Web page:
Election of a New President of Free China Represents a Victory for Democracy in Face of Threats From the People’s Republic on the Mainland

Lai Ching-te, though, wins by only a plurality in a hard-fought three-way race in which the Nationalists emerge with control of the legislative yuan.

AP/Chiang Ying-ying
Supporters of Free China's 2024 presidential election candidate, Taiwan vice president Lai Ching-te, also known as William Lai, cheer after Mr. Lai's victory, at Taipei, Taiwan. AP/Chiang Ying-ying

The election of Lai Ching-te as president of the Republic of China represents a victory for democracy in the face of threats from Beijing to invade the province of Taiwan to which Free Chinese forces fled in 1949 as Mao’s Red Army was conquering the mainland.

The stunning aspect of the election is that it was a referendum on distinct approaches to dealing with Beijing’s claims to an island that stands as an exemplar of freedom and democracy in a restive region. Mr. Lai, who has been vice president of the Republic of China under the outgoing president, Tsai Ing-wen, has made clear he will govern Taiwan as a sovereign, independent entity.

Like Ms. Tsai, however, he will avoid challenging Beijing by declaring Taiwan’s “independence” as a nation separate from the People’s Republic of China on the mainland. Mr. Lai’s leading opponent, the candidate of the Kuomintang or Nationalist Party, Hou Yu-ih, has called for moderation and dialogue with Beijing. At the same time, he rejected a scheme for national “unity” that President Xi seeks as a step on the way to Beijing rule — and a ruthless repression of democracy. 

Beijing may not live up to its rhetorical nonsense about the election as a choice between war or peace, but we may expect Mr. Xi to order periodic intimidation by air and naval exercises.  One goal will be to deepen divisions between Mr. Lai’s Democratic Progressive Party and Mr. Hou’s Kuomintang, which won a slim majority over the DPP in Taiwan’s legislative yuan, or parliament.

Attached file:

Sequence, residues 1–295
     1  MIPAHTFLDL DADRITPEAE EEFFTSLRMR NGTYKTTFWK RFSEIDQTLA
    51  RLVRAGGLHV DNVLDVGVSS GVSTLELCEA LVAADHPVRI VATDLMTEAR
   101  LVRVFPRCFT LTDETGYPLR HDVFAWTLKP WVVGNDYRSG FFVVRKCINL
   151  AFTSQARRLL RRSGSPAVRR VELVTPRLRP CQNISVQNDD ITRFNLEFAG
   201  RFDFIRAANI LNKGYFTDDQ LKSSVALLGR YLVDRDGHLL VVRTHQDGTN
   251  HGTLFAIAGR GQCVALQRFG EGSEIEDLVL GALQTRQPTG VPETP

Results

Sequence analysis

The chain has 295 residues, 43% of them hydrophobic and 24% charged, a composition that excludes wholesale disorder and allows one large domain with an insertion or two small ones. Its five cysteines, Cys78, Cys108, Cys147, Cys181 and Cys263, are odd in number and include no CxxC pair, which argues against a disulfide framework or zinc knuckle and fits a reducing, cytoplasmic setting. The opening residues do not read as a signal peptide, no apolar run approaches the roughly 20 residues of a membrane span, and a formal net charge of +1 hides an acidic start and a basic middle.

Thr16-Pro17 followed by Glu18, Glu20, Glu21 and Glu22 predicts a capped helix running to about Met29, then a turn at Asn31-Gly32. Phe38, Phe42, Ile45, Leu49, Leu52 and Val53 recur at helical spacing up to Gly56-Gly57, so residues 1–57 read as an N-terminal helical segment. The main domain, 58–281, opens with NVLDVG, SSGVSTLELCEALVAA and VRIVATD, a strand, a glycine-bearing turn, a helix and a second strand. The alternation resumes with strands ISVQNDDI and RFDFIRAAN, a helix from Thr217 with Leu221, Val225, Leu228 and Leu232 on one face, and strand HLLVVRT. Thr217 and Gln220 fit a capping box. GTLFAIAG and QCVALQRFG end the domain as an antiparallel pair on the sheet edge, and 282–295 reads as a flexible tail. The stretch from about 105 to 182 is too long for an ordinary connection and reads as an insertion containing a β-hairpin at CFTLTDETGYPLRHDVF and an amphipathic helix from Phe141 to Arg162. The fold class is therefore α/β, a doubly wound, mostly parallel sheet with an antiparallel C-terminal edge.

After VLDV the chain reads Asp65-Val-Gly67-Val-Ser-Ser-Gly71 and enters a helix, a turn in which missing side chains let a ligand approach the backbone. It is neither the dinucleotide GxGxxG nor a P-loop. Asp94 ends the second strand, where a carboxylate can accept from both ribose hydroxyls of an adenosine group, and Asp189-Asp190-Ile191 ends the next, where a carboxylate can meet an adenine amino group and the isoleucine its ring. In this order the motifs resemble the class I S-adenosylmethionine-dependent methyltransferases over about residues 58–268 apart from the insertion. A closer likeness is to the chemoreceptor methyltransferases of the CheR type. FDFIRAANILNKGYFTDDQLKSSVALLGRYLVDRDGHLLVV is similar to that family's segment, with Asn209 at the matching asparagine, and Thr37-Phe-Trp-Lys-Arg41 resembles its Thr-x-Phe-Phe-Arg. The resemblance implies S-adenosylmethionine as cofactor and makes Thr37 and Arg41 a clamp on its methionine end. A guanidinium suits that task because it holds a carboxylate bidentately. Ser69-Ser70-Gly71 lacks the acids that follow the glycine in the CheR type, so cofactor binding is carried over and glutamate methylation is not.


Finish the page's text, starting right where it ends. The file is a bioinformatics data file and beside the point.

Beijing will also count on the failure of Mr. Lai to win a majority of the votes for president. Let us not forget that Mr. Hou might have won had a third-party candidate, Ko Wen-je, not insisted on campaigning as leader of his own Taiwan People’s Party. The final tally shows Mr. Lai with 40.1 percent of the votes versus 33.5 percent for Mr. Hou and 26.5 percent for Mr. Ko, who’s all for  dialogue with Beijing but not at the expense of Taiwan’s “autonomy.” 

The vote count for both the presidency and the legislative yuan means Mr. Lai will have to be extremely careful in dealing with political foes at home as well as with Beijing.  In his quest for popularity, he may prefer to give an appearance, at least, of prioritizing domestic issues, including wages, rising prices, and youth unemployment.

If push does come to shove with Beijing, Mr Lai will have one advantage in the form of his running mate, Hsiao Bi-khim.  Vice President-elect Hsiao served for three years as “Taiwanese representative to the United States,” a title reflecting the fact that Taiwan and Washington have lacked diplomatic relations since 1979, when President Carter recognized the People’s Republic of China and withdrew recognition from the Republic of China. 

American-educated and the daughter of a Taiwanese father and an American mother, Miss Hsiao was highly effective as Taiwan’s de facto ambassador. She may be expected to tighten the bond with Washington while Mr.  Lai fends off Beijing’s demands. That’s even more reason to cheer his — and her — victory in a classic exercise of democratic freedom. It presents a stark contrast with the way the Communists rule the mainland without the consent of the governed.


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